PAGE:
As you can’t work on your car in the pits we had to tow the car to the garage. After testing a few things (fuel pump, etc.) we realized we weren’t getting spark. The damn battery disconnect had cracked on the backside and wasn’t making a connection. We fixed it and sent the driver out, but we had lost 40-minutes or so at this point. After a good stint, the driver became concerned the differential was going, so we called him in. No use putting any of us in harms way.

Radio check

Among the many things we learned, having working radio communications is key for endurance racing. Well, for any racing, really, but more so for when you’ve got pit stops and long driver’s stints to deal with. Being able to get the jump on a green flag or tell your pits you are preparing to stop can make or break a race. Unfortunately, we ran into some trouble with our radios, which meant we could only communicate along the front straight. This compounded itself when we lost the differential couldn’t find out if our driver was safe.

As in all things, you live and learn. With our first race experience we found out we have a chance to run at the front of our class. We have a team of consistent drivers who all enjoy being together. And, we have found several of our weak links. I’m sure there will be more trouble spots that will arise over the course of the season, but we will address them and keep coming back. That’s racing, as they say!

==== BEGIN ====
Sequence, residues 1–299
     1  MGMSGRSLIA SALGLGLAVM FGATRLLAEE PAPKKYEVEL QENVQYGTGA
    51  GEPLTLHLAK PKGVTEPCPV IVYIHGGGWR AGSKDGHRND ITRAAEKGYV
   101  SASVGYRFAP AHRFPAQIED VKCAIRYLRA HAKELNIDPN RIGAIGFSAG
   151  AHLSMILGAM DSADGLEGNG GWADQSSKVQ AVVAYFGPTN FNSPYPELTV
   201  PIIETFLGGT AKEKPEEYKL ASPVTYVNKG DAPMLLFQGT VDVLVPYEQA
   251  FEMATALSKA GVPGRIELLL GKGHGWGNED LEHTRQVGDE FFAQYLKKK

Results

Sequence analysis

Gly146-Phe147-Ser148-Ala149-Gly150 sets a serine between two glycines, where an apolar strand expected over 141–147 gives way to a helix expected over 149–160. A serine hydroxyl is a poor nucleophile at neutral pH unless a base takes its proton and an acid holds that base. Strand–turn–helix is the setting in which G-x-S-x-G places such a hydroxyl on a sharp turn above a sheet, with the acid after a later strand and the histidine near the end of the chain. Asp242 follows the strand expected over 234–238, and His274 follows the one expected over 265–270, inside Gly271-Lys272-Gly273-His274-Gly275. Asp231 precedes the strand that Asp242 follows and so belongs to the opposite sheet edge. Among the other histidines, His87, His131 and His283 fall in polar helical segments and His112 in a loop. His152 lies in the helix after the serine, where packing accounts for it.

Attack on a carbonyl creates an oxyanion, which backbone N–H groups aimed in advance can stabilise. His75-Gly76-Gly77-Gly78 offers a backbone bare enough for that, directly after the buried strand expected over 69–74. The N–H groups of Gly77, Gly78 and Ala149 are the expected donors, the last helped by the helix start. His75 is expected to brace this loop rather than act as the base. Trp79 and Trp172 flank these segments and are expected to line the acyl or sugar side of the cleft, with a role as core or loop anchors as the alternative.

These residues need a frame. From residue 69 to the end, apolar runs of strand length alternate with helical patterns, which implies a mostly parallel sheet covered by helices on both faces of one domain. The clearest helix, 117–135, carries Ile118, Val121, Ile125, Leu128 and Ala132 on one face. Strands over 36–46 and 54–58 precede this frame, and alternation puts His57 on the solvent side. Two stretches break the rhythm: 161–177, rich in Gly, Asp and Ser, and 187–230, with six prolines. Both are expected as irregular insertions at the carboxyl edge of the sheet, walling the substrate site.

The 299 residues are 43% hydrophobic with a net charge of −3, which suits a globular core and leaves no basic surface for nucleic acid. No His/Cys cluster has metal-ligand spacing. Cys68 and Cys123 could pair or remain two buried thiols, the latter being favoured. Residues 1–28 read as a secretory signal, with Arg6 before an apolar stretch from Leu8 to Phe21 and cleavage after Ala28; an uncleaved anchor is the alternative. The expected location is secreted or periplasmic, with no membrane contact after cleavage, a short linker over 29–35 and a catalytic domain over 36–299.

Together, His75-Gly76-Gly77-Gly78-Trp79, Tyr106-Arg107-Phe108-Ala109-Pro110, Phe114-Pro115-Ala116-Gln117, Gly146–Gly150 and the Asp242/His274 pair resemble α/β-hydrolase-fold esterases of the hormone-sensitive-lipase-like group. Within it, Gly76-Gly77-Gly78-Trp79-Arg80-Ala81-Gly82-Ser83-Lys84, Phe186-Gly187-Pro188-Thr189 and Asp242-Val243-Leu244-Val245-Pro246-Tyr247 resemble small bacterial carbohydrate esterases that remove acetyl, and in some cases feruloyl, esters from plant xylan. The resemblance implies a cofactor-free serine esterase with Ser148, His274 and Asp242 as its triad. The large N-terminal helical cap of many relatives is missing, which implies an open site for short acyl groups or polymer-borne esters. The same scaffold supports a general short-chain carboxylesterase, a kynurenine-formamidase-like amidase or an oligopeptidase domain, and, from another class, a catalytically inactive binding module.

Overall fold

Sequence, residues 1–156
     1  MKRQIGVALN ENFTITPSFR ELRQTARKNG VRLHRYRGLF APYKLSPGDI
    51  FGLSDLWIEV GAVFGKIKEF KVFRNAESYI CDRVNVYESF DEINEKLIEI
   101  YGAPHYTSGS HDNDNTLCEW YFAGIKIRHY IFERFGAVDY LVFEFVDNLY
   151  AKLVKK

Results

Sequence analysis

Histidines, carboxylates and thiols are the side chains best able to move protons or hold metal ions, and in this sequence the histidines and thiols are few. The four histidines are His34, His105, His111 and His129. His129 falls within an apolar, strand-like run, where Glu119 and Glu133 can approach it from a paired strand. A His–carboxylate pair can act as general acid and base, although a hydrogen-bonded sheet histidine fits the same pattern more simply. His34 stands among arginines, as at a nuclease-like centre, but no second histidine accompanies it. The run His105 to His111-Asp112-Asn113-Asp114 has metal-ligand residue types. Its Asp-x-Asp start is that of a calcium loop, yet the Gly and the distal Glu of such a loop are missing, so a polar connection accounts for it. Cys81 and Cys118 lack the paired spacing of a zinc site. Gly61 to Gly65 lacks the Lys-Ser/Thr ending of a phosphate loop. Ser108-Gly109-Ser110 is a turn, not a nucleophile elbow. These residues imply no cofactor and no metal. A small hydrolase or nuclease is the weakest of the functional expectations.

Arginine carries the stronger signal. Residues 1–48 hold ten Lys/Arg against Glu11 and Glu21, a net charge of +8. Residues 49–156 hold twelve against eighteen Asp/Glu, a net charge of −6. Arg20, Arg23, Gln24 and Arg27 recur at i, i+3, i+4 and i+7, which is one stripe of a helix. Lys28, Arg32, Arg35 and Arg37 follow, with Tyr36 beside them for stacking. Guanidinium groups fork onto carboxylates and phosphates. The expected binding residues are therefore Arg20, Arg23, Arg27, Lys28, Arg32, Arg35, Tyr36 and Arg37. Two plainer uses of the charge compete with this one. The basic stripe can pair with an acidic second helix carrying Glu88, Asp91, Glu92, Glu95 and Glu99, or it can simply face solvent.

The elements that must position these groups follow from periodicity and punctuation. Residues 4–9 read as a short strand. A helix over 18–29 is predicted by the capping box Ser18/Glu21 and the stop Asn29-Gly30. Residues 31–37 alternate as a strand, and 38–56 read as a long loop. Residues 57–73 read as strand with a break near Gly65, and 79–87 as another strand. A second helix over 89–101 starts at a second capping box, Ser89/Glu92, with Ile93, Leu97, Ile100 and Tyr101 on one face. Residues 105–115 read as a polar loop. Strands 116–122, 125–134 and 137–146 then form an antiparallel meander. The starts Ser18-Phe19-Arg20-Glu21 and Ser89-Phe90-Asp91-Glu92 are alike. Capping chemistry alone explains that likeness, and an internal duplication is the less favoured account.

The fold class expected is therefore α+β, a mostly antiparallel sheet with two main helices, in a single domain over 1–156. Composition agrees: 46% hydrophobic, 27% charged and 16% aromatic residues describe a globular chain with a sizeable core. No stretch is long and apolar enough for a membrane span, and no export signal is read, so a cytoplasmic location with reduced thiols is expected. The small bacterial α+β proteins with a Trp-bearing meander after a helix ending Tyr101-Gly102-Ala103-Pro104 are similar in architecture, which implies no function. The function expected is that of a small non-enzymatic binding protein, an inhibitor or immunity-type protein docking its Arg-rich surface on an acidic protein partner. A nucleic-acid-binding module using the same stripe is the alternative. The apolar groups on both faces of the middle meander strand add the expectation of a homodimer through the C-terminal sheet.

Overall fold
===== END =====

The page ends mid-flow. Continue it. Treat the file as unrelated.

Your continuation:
See you next time. Remember to check-us out on Facebook or keep checking back here on BuildRaceParty.com!

Photo credit: Stacey Rohrbaugh

Photo credit and thanks:

Scott W., Stephan L., and the rest of the folks at Valvoline for their support
The Roppel family of Roppel Radiators for helping us stay cool and on the road
Rick Pierson of McParland Motorsport
Dave Burnett / Puppyknuckles (seriously cool photos)
Stacey Rohrbaugh (and for putting up with the team for the weekend!)
My wife and Ackerman Family Dental for allowing me to do such shenanigans

 

John "Hans" Ackerman started his love affair with cars at an extremely early age. A lover of racing, fine bourbon and good beer, John "Hans" Ackerman is always looking forward to the next event: ready to Build. Race. Party.

There is 1 comment for this article
  1. Bill Wade at 7:14 pm

    Great write up! Better luck next time. GO TEAM MONKEY!!